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Editorial: Mobile labour creates turbulence

| Text: Berit Kvam

"I have freed my own work from the shackles of time and space," says the head of Microsoft Finland in our piece on open plan office spaces. He commutes in time and space between his virtual and real mobile workplace.

An office space should inspire everyone, including the boss, to social contact and concentration. Meanwhile the world's first lab studying open plan offices is looking for answers to how such organisation of space can improve working health and productivity.

Mobility is a hot topic for debate within working life and in labour politics, and it mirrors a sign of the times: more and more people and businesses are on the move.

Jørgen Rønnest, the employers' representative in the European social dialogue, talks in Portrait about the need for well-functioning labour markets and increased mobility in order to meet our aims for increased growth and higher employment rates. 

This also forms the basis for the introduction of the directive on temporary agency work in Europe, and there is currently a lively debate on this in the Nordic region. The staffing agency trade is growing. How does that influence the labour market? We have made the staffing agency trade the Focus for this edition of the Nordic Labour Journal.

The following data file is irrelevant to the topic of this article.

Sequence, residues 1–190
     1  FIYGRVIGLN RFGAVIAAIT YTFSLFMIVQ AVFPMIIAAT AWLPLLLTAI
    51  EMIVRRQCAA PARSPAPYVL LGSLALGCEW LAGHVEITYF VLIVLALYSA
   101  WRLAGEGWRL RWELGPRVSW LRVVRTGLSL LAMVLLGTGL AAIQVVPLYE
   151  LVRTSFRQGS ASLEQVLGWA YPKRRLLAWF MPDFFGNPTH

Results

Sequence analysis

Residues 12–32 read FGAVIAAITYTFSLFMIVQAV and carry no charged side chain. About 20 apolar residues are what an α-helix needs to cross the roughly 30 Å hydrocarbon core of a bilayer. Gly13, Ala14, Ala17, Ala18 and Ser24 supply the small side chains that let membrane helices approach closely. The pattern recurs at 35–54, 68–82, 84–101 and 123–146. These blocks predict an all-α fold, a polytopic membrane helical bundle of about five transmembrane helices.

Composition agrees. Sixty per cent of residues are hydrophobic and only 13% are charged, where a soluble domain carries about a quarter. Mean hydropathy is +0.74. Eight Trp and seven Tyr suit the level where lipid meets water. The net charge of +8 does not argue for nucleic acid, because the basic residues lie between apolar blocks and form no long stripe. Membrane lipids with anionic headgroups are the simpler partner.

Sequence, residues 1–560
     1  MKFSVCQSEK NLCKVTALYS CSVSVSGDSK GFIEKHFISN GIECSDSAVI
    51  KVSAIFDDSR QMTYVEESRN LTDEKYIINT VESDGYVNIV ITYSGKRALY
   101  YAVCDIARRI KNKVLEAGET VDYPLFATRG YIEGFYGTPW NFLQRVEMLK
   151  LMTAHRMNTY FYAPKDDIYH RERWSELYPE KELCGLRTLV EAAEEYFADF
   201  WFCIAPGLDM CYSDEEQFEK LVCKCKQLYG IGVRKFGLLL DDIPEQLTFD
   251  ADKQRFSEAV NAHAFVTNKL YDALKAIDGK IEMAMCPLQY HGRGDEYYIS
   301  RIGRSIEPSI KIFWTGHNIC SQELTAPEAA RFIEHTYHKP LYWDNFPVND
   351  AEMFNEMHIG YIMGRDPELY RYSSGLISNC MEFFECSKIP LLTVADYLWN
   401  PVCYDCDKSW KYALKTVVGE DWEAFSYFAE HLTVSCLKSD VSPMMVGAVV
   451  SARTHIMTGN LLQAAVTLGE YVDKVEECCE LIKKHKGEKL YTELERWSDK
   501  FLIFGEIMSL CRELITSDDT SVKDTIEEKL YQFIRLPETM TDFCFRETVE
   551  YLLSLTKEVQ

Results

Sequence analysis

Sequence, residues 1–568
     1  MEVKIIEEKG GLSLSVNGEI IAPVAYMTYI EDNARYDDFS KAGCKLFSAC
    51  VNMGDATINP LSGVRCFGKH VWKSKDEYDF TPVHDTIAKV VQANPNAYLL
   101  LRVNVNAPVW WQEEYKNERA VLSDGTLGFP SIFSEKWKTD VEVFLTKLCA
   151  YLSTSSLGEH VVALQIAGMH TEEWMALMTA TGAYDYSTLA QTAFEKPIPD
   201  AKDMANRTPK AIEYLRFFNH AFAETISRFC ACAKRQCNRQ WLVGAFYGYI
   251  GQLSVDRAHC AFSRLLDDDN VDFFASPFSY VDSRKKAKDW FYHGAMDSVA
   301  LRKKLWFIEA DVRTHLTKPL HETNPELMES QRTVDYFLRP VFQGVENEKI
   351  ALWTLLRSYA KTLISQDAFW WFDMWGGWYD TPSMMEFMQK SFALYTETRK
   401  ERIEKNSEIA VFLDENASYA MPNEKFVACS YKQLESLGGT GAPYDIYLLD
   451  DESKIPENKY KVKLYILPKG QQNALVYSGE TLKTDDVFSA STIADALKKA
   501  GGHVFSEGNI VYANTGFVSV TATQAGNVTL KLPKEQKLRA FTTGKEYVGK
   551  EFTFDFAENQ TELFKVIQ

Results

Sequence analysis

Why do we fear this trade, which after all only employes just over one percent of the employable population? Is it because the staffing agencies challenge the Nordic model? 

Employers in Norway are worried because the number of sole traders within the cleaning industry has tripled over just a few years. They want to know whether this is the answer to the desired increase in flexibility.

Not all are singing from the same hymn sheet: Danish trade unions think the EU directive on temporary agency work will lead to fewer staffing agencies pushing down salary and working conditions in the labour market.

Swedish trade union IF Metal has entered into an agreement with employers which the trade union movement is very happy with: "We have a unique agreement for Sweden's staffing agency trade," says Veli-Pekka Säikkälä. 

Yet one timely question is still raised in the Research coloumn: "Do we know enough about staffing agencies as a phenomenon?" Senior researcher Ann Cecilie Bergene highlights some of the challenges and asks: are the Nordic welfare societies ready for this kind of player? 



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